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The Awful and Shocking Truth about This One Bathroom Item
Have you thought about your toothbrush lately? Probably not, and that’s normal, few people do. Most people never think about their toothbrush until the bristles are virtually falling out or they drop it in the toilet accidently.
Well, friends, it’s time to take a good hard look at the toothbrush because it’s probably a whole lot nastier than you ever imagined.
1. Literally a Germ Magnet
Researchers have recently found that an uncovered toothbrush is a like a closet for bacteria. It’s wet most of the time, and there are plenty of places to hide. Tested toothbrushes have as many as 100 million bacteria cells. What is really disgusting is that researchers from the Manchester University of England found that some of these bacteria are staphylococci (a nasty bug that gives terrible skin infections) and E. coli – yes that wonderful germ that comes from poop and gives you what most people label as “stomach flu.” Flu viruses also live on toothbrushes, along with yeast and strep, that lovely germ that gives you strep throat and even causes cavities! Find out home remedies for tooth decay and cavities.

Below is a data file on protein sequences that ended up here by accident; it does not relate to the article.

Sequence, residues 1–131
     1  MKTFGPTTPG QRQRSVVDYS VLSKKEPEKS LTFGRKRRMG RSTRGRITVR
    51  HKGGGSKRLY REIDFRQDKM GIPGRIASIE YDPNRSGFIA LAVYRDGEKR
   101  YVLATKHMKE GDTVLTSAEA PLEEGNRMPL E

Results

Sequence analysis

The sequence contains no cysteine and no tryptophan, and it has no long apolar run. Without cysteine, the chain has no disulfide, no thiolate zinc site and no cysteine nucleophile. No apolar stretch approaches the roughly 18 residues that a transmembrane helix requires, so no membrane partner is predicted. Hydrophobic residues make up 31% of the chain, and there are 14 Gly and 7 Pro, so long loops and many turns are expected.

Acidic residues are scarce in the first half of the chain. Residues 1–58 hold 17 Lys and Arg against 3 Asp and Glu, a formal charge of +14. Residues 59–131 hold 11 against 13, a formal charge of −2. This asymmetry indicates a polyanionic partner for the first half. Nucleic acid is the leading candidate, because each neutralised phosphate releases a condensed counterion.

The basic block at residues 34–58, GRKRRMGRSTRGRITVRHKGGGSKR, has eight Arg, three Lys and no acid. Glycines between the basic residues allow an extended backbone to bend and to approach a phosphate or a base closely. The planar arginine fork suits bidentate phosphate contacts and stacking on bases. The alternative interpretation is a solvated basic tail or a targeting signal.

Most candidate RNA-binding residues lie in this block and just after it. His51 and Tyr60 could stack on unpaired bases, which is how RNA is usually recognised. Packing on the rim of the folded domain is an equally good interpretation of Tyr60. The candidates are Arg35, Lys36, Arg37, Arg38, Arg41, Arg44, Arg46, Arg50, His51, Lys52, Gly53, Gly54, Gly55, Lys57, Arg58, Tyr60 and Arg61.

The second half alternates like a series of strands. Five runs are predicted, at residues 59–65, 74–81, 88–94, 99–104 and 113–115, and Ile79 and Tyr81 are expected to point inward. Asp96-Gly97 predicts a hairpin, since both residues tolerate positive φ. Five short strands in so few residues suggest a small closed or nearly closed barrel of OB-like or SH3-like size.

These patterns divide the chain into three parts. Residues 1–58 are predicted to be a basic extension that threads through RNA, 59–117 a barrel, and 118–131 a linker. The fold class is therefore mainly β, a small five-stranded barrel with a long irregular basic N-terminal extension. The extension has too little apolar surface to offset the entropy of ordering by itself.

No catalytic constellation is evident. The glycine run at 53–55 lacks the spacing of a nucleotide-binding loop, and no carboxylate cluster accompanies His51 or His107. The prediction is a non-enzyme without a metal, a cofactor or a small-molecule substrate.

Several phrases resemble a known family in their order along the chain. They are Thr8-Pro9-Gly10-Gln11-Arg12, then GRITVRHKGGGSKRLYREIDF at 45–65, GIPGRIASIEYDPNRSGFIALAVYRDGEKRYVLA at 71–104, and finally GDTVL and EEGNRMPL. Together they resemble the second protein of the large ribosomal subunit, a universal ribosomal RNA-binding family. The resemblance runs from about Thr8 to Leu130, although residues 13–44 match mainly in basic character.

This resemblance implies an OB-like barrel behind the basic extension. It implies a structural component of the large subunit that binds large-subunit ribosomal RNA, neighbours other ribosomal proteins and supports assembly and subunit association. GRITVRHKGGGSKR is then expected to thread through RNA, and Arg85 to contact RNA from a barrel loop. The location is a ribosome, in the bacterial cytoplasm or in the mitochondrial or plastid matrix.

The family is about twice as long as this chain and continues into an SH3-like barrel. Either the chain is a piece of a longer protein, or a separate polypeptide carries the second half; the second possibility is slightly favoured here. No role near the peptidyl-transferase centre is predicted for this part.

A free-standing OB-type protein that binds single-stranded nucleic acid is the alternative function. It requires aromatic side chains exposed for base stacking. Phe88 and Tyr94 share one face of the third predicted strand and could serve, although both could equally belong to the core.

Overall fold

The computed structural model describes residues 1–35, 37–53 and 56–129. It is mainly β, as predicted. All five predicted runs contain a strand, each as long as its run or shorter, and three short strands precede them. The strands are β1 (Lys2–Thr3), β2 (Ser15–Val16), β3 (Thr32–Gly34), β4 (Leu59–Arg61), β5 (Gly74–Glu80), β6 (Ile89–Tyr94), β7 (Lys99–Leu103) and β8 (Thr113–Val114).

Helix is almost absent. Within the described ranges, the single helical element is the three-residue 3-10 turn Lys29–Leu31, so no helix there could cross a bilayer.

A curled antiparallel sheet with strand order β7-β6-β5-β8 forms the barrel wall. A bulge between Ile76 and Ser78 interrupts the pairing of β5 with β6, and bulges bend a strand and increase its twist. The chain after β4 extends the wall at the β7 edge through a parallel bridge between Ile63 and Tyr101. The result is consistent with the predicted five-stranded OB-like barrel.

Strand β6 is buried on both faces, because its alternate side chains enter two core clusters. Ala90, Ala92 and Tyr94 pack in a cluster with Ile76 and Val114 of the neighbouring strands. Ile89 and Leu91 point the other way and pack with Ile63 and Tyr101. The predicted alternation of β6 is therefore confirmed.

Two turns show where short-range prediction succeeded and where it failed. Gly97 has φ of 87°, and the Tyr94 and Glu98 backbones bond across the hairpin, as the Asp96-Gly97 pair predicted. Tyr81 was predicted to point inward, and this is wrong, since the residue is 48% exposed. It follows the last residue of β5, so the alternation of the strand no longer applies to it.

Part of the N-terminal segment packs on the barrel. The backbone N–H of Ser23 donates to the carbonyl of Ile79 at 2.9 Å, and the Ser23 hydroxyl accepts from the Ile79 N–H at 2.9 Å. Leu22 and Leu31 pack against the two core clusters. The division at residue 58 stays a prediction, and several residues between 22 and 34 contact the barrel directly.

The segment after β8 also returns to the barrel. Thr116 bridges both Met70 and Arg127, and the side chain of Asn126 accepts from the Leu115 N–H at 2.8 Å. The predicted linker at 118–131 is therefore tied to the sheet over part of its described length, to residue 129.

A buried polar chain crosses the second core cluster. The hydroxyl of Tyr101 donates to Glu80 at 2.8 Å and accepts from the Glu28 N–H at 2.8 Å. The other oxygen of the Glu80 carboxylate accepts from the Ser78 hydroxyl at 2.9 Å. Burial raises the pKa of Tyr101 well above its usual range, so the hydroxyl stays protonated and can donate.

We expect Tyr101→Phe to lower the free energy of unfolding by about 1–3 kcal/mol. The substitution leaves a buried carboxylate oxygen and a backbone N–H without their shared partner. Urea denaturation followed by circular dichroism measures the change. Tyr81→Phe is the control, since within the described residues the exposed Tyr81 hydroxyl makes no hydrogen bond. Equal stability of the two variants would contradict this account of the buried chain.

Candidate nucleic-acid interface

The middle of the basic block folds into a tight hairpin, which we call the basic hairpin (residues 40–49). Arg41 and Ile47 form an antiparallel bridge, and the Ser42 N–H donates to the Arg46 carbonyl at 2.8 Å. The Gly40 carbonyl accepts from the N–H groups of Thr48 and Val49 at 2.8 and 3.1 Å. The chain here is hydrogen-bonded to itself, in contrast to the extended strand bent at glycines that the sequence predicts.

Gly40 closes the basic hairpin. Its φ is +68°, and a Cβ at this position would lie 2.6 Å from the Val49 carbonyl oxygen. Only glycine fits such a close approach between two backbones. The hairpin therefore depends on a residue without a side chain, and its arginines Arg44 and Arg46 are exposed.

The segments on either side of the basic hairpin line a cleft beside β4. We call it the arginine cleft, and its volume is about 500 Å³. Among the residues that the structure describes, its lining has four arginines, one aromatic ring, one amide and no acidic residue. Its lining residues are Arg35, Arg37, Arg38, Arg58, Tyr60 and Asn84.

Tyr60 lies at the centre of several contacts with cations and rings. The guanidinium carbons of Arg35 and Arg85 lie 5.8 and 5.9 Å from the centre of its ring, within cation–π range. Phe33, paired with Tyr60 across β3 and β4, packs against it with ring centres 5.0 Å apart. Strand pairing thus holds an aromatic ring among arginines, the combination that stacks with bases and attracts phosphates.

2. The Toothbrush Holder
If you have a small bathroom, many people are forced to put the toothbrush holder pretty close to the toilet, sometimes directly on top of it. And when was the last time you cleaned your toothbrush holder? Most people don’t. We pick up and clean under it but don’t usually think about cleaning the holder itself. So while you are thinking about it, why not pop that little holder in the dishwasher right now?
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3. Your Toothbrush and Sickness
Although researchers at Manchester University didn’t think that brushing your teeth actually damages your health, even if it has some bacteria on it, they do recommend that people think more about where their toothbrush is stored. Toilets can spray about 5 to 20 feet and that makes it easy for those microscopic bits of bacteria to land on your toothbrush and that will make you sick. So always close the toilet lid before you flush, and if your bathroom is very small, store your toothbrush inside a medicine chest or a drawer so it’s safe from the spray. If you have several toothbrushes in a holder, be sure to position them so that the brushes don’t touch each other, as germs from one brush can easily travel to the other brush.
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